Financial Consumer Protection Framework
Seeking a new compact with consumers
When Bill C-86 was passed into law in Canada nearly a year ago, in December 2018, it incorporated the Financial Consumer Protection Framework (FCPF) as a consolidation of new and enhanced provisions to increase consumer trust in the financial system.
These highly anticipated regulatory changes, finally due to be released imminently, signal heightened expectations for the fair treatment of consumers. Among the provisions set out in the FCPF are new requirements for improved disclosure, changes to express consent requirements, changes to customer cancellation rights, and redress protections.
Among the most significant changes are the requirements concerning handling consumer complaints. The objective of these provisions is to require greater transparency, fairness, and swiftness so that consumers can have greater trust that their concerns are being taken seriously and resolved effectively. Indeed, in the Domestic Bank Retail Sales Practices Review1, the FCAC noted while approximately 90 to 95 percent of consumer complaints are being resolved at the first point of contact as part of good customer service, these complaints are generally not being logged. This weakens a bank’s ability to identify trends and remedy the root cause. The new provisions impose documentation standards, which will dramatically change the amount of information on which institutions can draw to see new patterns and insights.
What should bank leaders be doing right now? Here are some thoughts on where to direct your attention:
- Take an enterprise view. While the FCPF largely affects Canadian retail banking operations, it extends into several other corners of the institution that are involved in selling products and services to the public. Examining the reach and impact of the new rules across the enterprise is an essential starting point.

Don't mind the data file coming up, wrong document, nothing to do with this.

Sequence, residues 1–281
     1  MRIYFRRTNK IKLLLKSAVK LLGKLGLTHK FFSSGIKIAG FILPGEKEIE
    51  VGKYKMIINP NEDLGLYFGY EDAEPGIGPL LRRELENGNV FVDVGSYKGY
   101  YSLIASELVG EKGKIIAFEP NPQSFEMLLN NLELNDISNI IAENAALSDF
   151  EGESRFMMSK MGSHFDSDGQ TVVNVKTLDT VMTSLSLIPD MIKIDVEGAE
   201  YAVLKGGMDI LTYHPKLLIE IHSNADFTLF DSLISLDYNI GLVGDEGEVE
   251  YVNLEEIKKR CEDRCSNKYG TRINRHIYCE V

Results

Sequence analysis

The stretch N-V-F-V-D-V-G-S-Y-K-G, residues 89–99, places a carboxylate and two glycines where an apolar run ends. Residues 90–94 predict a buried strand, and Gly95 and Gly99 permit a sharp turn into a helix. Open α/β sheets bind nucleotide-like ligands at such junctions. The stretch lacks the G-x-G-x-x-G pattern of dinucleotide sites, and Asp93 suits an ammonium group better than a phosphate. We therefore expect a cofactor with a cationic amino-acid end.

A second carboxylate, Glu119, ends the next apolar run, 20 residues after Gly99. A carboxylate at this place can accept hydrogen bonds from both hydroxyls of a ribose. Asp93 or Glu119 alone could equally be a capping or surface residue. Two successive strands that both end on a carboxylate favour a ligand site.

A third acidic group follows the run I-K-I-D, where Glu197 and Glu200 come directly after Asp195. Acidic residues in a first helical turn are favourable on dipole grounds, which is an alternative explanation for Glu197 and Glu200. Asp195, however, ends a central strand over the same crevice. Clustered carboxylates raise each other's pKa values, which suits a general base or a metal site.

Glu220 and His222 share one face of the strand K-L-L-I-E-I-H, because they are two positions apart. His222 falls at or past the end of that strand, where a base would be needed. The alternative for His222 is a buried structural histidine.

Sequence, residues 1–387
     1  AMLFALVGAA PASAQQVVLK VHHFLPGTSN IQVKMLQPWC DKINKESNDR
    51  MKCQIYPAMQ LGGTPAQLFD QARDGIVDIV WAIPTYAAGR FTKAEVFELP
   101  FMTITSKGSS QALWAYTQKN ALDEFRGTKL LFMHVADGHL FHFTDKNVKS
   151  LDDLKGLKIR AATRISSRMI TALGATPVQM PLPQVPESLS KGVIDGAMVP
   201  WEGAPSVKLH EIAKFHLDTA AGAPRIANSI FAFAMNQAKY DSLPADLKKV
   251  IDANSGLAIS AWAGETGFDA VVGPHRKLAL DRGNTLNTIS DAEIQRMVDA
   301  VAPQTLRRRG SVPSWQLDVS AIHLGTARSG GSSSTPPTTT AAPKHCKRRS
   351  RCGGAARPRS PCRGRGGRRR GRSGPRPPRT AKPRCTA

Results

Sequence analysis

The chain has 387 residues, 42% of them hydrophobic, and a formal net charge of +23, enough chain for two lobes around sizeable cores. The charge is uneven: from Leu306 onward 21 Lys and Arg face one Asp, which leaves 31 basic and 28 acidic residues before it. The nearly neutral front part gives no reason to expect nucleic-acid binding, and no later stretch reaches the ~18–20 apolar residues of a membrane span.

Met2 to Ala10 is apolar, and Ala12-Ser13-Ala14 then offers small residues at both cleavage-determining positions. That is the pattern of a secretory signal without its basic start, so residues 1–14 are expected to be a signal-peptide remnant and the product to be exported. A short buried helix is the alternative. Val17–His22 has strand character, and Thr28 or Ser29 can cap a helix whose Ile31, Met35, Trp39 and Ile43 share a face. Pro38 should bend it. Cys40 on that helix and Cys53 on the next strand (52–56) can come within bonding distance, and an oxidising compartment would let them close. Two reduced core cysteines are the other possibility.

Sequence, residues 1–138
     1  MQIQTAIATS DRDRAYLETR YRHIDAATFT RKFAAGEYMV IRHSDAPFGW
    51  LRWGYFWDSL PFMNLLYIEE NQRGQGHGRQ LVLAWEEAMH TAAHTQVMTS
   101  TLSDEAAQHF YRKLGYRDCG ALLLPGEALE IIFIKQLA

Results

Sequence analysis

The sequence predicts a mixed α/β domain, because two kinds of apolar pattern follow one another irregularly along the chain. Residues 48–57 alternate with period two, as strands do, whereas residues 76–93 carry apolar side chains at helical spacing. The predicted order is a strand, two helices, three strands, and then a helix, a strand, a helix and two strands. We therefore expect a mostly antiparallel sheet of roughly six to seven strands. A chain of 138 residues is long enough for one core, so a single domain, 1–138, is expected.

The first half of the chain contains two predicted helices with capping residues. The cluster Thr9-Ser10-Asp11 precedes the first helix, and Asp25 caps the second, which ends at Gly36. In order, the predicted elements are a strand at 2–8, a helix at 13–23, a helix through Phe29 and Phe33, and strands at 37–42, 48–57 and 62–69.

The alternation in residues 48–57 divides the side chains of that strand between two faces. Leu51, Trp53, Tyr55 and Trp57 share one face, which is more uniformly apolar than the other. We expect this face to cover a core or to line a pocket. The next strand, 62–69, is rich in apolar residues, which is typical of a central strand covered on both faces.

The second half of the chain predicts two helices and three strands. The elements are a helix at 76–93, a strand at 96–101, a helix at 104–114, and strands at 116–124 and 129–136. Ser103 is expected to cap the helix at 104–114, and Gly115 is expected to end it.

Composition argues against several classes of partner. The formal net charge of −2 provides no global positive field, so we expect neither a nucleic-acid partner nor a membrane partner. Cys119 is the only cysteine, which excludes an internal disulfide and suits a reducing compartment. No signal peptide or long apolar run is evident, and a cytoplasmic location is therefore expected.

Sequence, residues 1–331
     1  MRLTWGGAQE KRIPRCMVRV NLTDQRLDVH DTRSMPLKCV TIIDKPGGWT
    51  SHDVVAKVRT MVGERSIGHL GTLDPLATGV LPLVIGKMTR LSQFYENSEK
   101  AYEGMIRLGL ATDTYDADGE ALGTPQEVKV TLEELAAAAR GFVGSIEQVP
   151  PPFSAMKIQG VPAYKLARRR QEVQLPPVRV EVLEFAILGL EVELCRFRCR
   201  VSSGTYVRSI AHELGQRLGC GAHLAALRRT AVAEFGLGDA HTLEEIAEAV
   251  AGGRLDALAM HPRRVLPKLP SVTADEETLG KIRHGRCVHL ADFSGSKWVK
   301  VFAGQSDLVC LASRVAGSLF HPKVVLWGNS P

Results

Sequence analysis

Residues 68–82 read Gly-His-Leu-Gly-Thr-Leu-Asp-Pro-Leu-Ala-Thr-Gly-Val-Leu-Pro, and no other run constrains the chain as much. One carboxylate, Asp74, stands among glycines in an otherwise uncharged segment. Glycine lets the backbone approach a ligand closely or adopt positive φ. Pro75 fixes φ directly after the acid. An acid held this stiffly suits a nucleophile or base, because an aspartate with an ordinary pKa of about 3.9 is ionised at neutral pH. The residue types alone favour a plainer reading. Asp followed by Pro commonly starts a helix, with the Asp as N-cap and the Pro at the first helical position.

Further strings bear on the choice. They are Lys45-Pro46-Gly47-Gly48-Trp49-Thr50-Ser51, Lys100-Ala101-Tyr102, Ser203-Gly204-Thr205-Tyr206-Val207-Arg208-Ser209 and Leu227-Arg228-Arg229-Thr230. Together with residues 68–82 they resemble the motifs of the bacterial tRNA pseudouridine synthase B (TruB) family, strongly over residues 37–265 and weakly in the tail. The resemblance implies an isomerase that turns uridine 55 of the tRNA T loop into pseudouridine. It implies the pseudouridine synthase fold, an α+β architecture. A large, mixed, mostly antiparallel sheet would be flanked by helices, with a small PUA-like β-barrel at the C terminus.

- Get the definitions straight. The FCPF includes language that requires close analysis to ensure a common interpretation. Terms such as “undue pressure,” “clear, simple and not misleading,” “coerce a customer,” and even “complaint” require careful review to ensure that each bank has a clear definition and common approach to communicating their use.
- Learn from other jurisdictions—and other industries. In our increasingly digital society, how customers experience an interaction with one service provider can transform their expectations of another. Banks should employ a wide-angle perspective to observe not only how consumer protection has unfolded in other financial markets, but also how customer experience and standards are being raised in other industries.
- Understand it’s about a culture of accountability. While the FCPF represents a manifestation of a shift in public policy about consumer protection, it’s clear the compound impact of the provisions is as important as the line-by-line prescriptive requirements. We believe it is incumbent on banking leaders to help signal these intentions and model the new culture of accountability implied by these rules.
Above all, banking leaders need to examine how the rising standards of consumer protection create an opportunity to strengthen the bond of trust with customers and increase the long-term value of these relationships.
Seek assistant to help you identify whether the requirements and standards of the Financial Consumer Protection Framework may apply to your business and help you address the challenges of evolving regulatory compliance, corporate governance, and risk management matters in the financial services industry.
1Domestic Bank Retail Sales Practices Review, Financial Consumer Agency of Canada, March 20, 2018.